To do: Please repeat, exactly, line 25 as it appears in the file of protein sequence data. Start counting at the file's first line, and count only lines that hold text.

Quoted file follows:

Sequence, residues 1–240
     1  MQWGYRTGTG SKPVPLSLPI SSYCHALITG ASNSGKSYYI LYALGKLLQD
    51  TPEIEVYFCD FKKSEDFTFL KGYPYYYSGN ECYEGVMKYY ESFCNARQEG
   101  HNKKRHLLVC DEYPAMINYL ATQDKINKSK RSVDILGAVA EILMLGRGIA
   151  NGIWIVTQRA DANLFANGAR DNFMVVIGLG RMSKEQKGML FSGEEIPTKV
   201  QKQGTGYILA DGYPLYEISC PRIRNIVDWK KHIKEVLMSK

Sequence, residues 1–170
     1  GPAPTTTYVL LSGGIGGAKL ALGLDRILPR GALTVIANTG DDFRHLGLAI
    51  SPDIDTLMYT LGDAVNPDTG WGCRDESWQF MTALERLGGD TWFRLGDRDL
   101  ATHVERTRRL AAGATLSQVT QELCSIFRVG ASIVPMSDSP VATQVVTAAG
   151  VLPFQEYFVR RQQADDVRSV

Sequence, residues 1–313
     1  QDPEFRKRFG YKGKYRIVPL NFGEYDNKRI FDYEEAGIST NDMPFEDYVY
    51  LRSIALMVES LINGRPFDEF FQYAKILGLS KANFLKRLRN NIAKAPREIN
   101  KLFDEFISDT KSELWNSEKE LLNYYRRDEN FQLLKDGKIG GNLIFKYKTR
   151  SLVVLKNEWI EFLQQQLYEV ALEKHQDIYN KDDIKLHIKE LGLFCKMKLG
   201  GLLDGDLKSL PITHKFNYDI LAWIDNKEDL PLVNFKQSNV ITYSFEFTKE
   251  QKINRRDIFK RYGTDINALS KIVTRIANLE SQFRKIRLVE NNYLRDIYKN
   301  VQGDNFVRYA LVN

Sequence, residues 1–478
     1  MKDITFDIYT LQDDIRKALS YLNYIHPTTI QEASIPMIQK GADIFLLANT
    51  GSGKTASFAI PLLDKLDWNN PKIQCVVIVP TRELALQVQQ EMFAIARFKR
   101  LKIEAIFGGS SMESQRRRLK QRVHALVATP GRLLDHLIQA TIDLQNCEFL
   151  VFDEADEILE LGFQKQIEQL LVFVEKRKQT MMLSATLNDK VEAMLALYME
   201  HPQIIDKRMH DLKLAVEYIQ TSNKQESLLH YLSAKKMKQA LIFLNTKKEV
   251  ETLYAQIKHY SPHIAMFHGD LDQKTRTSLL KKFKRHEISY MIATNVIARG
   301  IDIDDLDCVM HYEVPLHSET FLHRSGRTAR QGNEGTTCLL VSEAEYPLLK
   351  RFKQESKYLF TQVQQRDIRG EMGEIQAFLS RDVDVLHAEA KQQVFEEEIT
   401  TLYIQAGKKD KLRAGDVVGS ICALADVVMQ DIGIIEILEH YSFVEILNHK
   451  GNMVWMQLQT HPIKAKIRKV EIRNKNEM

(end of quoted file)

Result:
   201  HPQIIDKRMH DLKLAVEYIQ TSNKQESLLH YLSAKKMKQA LIFLNTKKEV